KillNigel: At first I just wanted to turn up but when my brother died…I could not let another black brother die. I had to be a voice for them and not just young black kids, all young kids and that’s when I started using my music as something to educate. Even using my fashion as a way to demonstrate that this is a way you can get out of the streets. You can become a stylist, you can become a creative director, you can pick up that camera, it’s feasible because if I can do it, I know anybody can do it. So that’s what really made me pick it up.
Nichole: Any collabs coming up? With other artists who are trying to do the same thing as you?
KillNigel: I got a collab with Bobby Raps coming up called New World Orders. If you are not familiar with Bobby Raps he produced Sidewalks for the Weeknd and Kendrick Lamar and produced a majority of Future’s new album. It is an honor to work with him. I use to listen to him back in the day and I’m just glad I got to meet and work with him and go to Houston with them. That was pretty dope. I never thought that would happen in my life.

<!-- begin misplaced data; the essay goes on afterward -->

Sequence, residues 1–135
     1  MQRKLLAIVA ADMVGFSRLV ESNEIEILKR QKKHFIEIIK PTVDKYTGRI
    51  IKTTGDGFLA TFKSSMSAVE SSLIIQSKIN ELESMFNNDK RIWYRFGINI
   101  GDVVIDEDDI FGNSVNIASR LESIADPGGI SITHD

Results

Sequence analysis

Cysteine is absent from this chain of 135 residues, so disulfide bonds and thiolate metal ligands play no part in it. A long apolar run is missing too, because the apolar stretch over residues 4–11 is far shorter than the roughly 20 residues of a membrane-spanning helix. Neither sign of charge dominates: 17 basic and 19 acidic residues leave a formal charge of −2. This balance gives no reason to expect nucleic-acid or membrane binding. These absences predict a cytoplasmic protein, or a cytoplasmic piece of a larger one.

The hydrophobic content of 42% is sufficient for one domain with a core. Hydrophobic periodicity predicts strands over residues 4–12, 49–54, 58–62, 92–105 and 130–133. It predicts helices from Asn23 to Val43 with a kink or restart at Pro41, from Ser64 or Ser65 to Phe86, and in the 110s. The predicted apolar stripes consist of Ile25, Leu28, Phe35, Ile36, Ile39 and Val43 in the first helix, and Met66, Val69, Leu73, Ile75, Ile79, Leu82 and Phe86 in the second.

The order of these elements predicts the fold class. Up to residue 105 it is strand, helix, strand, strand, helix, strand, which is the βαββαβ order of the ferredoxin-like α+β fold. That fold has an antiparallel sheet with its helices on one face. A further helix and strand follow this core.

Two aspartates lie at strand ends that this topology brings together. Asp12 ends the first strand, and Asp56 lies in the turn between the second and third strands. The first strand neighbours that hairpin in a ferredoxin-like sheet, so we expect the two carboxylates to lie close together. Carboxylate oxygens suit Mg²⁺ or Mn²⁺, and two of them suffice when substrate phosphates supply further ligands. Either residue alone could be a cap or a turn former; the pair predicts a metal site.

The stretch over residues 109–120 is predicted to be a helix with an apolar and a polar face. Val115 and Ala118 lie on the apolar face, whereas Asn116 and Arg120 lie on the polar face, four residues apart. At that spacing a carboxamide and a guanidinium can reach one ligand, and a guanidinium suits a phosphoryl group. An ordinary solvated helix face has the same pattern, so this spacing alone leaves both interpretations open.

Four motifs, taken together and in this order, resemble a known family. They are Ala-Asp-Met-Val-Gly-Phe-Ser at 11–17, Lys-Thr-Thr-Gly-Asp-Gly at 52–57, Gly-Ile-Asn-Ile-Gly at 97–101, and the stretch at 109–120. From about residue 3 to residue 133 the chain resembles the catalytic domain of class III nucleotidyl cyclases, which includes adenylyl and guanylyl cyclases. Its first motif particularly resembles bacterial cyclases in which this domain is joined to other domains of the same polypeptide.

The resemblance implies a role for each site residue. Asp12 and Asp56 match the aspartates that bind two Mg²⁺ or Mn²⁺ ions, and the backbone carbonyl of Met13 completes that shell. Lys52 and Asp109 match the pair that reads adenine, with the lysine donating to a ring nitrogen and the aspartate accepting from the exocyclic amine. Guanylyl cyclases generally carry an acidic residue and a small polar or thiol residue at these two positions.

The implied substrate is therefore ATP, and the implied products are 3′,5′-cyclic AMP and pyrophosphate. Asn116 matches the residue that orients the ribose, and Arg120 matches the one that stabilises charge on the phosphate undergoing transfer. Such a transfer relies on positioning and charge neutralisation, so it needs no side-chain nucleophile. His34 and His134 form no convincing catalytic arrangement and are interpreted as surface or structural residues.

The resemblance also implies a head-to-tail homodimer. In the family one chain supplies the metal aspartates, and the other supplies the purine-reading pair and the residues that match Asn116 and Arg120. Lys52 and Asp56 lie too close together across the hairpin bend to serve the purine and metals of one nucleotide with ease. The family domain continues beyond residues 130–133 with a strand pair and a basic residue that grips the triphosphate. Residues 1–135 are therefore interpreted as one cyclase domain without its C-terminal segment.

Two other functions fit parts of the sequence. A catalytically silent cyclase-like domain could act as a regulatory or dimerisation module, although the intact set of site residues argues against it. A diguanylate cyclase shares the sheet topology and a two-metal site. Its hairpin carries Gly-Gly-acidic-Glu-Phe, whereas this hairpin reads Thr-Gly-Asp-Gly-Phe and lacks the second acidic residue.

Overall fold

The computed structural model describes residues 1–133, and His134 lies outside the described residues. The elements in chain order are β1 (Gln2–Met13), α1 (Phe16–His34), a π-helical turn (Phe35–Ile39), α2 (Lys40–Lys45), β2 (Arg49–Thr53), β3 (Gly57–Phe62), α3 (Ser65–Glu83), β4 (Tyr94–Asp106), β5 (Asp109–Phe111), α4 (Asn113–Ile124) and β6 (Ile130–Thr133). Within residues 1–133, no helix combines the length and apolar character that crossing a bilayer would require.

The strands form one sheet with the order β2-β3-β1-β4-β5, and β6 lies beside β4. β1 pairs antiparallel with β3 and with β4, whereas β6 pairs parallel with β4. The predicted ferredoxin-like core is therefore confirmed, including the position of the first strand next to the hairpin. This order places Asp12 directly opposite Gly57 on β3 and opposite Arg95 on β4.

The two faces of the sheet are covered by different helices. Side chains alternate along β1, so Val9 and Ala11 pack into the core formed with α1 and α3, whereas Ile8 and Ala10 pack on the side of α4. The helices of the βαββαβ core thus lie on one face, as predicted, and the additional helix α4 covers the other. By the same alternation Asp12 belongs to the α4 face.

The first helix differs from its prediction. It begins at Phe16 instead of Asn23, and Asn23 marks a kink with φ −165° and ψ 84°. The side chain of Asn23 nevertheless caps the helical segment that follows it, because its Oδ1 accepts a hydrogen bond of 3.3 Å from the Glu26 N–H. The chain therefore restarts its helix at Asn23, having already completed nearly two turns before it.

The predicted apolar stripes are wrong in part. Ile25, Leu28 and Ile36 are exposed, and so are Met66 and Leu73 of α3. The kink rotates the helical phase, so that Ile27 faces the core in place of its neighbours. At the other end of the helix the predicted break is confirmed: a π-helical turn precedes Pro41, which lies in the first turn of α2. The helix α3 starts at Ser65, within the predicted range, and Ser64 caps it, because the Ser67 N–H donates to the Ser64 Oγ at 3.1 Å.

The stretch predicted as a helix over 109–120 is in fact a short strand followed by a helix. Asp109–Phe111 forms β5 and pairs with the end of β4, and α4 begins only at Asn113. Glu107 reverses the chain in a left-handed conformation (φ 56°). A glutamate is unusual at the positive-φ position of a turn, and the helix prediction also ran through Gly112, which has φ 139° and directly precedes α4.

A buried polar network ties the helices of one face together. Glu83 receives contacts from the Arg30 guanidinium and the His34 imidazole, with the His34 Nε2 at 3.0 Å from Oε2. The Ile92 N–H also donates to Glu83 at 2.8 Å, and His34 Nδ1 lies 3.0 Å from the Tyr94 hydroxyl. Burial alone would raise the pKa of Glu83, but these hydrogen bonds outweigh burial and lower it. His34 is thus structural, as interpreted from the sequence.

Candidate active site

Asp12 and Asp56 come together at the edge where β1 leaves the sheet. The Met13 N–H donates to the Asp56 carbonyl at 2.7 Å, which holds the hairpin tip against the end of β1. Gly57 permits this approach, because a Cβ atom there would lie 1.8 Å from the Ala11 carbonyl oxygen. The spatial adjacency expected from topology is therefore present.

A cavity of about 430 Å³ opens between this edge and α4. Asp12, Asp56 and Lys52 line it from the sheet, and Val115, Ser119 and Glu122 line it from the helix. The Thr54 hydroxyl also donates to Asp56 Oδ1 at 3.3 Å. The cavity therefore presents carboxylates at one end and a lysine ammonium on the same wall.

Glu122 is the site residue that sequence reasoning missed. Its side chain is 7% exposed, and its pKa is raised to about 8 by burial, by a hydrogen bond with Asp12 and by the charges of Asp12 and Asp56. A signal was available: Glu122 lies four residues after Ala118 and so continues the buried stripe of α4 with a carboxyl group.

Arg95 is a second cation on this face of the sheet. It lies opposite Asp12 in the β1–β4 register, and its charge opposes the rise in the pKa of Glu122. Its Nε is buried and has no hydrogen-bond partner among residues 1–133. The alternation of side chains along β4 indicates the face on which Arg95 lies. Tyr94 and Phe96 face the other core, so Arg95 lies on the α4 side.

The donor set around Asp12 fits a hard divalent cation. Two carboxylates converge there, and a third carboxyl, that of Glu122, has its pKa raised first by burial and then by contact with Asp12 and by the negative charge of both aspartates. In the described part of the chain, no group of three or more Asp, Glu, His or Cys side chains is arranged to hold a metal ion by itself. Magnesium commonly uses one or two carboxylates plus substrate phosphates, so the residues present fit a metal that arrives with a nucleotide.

Nichole: Can you tell us what the meaning behind ‘inner child’ was?
KillNigel: Inner child is pretty much little me watching the older me self destruct and the older me self destruct each other. It’s the angle where the young kid is watching the older man commit all these crimes but the kid can’t stop the older me all he can do is watch. The inner doesn’t want to see violence, drugs he wants to live in a better environment.
Nichole: Who are some of your fashion influences and what made you want to get into the industry?